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10-year-old dies after being sickened by supermarket burger: 'His limbs became deformed'

A 10-year-old French boy has died after struggling with years of medical complications resulting from a severe case of E. coli in 2011.

Nolan Moittie died Saturday "as a consequence of his poisoning," his family lawyer, Florence Rault, told Agence France-Presse.

The boy fell ill in June 2011 when he was just under 2 years old after consuming a beef patty purchased from Lidl, a German global discount supermarket chain that operates over 10,000 stores across Europe and the U.S.

The disease caused Nolan severe nerve damage and left him paralyzed and mentally handicapped, according to his lawyer, who said that the boy had not "ceased to suffer" until his death.

"His limbs became deformed, his bones would break and he had to undergo different kinds of surgeries," Rault said on behalf of Nolan's family. "He could not eat, swallow, speak or move because he had no more ability to coordinate."

"His body finally gave up," she added.

Although 14 other children were also sickened by the burgers, Nolan appears to have been the worst related case of E. coli poisoning, the BBC reports.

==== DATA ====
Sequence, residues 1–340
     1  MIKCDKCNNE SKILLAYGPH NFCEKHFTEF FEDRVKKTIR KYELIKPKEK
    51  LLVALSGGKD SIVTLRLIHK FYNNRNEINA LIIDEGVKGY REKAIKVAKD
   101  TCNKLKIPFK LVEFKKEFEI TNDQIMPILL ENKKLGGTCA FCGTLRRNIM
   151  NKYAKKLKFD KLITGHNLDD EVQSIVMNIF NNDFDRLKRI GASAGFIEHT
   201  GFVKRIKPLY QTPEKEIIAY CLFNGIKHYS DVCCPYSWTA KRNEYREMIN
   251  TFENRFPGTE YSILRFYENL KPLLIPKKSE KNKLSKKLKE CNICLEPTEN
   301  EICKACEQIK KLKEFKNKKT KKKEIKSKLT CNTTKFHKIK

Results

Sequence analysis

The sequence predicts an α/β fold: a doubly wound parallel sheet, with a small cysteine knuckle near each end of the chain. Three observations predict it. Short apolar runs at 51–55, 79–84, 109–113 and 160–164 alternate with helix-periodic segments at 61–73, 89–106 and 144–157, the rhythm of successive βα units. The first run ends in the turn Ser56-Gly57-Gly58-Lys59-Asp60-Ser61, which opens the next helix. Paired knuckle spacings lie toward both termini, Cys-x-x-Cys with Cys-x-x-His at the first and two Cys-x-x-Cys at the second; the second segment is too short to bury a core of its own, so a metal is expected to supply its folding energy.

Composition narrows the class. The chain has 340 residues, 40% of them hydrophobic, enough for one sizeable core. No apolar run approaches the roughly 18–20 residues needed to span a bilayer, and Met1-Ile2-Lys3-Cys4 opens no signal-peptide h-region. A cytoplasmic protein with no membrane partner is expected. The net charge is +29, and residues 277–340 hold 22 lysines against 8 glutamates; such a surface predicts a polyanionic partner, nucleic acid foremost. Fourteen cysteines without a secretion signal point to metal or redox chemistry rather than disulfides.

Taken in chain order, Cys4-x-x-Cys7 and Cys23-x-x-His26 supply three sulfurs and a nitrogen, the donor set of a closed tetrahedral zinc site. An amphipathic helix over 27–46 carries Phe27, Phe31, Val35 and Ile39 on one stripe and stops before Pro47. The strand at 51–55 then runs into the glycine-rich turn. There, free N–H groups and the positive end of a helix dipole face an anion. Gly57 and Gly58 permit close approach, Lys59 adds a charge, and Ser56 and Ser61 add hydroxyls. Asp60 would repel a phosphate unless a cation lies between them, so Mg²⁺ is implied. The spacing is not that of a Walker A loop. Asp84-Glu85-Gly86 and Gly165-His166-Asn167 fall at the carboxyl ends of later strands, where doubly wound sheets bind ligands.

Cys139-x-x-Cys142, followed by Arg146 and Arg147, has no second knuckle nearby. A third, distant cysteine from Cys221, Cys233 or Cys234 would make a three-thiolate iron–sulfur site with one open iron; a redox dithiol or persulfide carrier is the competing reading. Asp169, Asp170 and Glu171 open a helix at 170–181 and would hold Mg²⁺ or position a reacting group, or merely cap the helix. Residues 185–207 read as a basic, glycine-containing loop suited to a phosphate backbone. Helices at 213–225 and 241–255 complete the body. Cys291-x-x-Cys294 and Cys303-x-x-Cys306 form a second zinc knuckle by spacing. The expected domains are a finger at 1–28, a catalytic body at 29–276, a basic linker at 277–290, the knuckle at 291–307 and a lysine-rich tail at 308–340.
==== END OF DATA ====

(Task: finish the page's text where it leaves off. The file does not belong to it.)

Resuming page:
The company that supplied the tainted meat to Lidl, a firm called SEB, which is based in Saint-Dizier, France, was investigated following the outbreak and, in 2017, ex-SEB boss Guy Lamorlette was sentenced to three years in jail, one of which was suspended, and fined $55,000 over the food poisonings.

Humans are typically exposed to E. coli bacteria through contaminated water or food, especially raw vegetables and undercooked ground beef, according to the Mayo Clinic . Although healthy adults usually recover from infection with E. coli within a week, young children and older adults have a greater risk of developing a form of kidney failure called hemolytic uremic syndrome, which can be life-threatening.

Symptoms of E. coli infection, including diarrhea, abdominal cramping, nausea and vomiting, usually begin three or four days after exposure to the bacteria.

The CDC recommends washing fruits and vegetables before consumption and cooking meat thoroughly to prevent E. coli infections.